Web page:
Thanks to Egypt's hot, dry climate ancient textiles have been preserved there as nowhere else on earth. The earliest fragments of linen go back 5,000 years, samples of historical textiles to the tombs of 18th dynasty kings (1450-1417 BC), and substantial examples to the epoch of Pharaoh Tutankhamen (1361-1365 BC).
These extraordinarily ancient survivals of normally perishable materials confirm that Egyptian weaving enjoyed an unbroken tradition from those times through the Hellenistic, Roman and Christian eras and well beyond into the Islamic centuries.
Our word 'Copt' comes from the Arabic 'Qibti', which in turn derives from 'Aigyptioi' - what the Greeks, who ruled the country for more than 250 years after its conquest by Alexander the Great, called the native Egyptians.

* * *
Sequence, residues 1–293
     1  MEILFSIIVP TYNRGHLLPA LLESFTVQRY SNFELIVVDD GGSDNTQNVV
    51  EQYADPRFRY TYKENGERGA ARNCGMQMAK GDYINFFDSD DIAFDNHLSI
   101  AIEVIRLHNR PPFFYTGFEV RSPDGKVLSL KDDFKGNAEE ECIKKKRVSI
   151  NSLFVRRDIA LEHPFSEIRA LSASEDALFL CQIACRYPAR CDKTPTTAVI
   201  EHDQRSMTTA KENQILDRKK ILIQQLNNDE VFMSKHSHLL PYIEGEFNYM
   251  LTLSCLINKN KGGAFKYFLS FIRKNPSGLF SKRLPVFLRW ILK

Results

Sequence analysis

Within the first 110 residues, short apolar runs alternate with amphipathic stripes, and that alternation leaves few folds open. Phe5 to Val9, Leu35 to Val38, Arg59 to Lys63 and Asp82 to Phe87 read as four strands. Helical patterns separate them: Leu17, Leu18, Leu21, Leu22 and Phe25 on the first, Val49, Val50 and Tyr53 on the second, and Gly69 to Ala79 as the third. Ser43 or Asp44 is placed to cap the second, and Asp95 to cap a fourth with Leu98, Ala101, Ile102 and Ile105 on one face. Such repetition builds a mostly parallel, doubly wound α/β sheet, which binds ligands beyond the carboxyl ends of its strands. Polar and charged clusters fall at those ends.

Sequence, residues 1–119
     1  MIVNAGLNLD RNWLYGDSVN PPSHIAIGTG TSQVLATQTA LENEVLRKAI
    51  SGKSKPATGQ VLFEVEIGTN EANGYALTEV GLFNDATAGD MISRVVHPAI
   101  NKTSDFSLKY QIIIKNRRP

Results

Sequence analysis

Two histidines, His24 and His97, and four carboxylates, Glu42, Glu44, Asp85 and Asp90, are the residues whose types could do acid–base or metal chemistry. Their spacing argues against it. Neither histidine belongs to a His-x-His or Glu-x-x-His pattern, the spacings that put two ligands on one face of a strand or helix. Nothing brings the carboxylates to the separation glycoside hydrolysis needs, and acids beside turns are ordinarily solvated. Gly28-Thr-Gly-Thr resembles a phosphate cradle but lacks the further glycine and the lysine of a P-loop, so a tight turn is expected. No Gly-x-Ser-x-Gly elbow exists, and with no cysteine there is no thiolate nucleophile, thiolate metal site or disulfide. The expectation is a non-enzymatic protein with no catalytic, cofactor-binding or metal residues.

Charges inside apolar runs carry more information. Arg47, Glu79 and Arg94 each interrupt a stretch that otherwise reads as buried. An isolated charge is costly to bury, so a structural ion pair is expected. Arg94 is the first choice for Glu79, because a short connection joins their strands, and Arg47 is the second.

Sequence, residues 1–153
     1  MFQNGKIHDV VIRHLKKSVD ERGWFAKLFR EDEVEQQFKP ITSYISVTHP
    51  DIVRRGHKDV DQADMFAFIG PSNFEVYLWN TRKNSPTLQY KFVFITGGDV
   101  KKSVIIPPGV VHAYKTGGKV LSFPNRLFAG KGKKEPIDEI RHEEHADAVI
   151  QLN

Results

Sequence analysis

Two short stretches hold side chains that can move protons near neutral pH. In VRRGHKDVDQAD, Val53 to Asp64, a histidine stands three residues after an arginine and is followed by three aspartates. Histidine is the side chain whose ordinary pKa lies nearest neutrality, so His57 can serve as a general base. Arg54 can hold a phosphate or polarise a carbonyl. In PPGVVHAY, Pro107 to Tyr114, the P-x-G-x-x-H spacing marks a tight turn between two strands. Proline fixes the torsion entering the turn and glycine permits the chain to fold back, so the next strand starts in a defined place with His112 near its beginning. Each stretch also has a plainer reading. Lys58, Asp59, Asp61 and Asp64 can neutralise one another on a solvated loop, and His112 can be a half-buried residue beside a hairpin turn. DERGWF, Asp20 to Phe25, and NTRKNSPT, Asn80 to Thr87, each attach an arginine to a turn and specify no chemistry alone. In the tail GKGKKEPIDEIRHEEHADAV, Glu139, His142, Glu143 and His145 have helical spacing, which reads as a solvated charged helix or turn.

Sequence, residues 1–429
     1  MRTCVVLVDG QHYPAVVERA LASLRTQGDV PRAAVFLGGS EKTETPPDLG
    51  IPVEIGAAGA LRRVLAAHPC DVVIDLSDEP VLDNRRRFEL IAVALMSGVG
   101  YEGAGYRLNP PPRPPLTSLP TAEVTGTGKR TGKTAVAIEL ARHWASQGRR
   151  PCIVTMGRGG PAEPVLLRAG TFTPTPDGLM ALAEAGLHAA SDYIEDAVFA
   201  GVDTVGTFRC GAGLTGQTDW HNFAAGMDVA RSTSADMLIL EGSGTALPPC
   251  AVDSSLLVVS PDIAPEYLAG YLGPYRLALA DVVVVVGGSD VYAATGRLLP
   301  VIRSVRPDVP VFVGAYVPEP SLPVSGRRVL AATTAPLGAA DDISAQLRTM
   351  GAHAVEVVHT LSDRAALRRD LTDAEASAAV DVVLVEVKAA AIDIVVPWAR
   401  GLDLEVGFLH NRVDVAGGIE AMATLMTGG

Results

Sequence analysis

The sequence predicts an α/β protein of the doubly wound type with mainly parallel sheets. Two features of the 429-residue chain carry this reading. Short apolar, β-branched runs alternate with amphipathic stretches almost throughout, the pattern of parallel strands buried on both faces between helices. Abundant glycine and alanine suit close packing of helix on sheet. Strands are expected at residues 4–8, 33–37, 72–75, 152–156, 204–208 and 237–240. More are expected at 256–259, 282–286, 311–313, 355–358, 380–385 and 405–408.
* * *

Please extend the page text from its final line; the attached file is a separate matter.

Thus, in the area of textiles at least, 'Coptic' no longer narrowly designates (as it did a century ago) manufactures thought to come from Egypt's predominantly Christian period alone, but covers a broad span of productions by Egyptian weavers from Late Antiquity to Islam.
Carbon dating is too blunt an instrument to assign accurately these miraculously-preserved materials even to a given century.
And only once in a blue moon do archeologists find associated evidence for dating: such as in the tomb at Fayyum where textiles turned up with a coin of 340 AD, or a piece of wool that came to light in the Cairo Museum with the date and place of manufacture conveniently woven into the material in the form of a Kufic inscription (Kais, in Upper Egypt, 784-785 AD).
Consequently modern dating has become reliant on the careful analysis of style and content. This has greatly enhanced our appreciation not only of the artistic merit of these early textiles, but also of how much they can tell us about material realities, social life and religion during the first 1,000 years of the Christian era.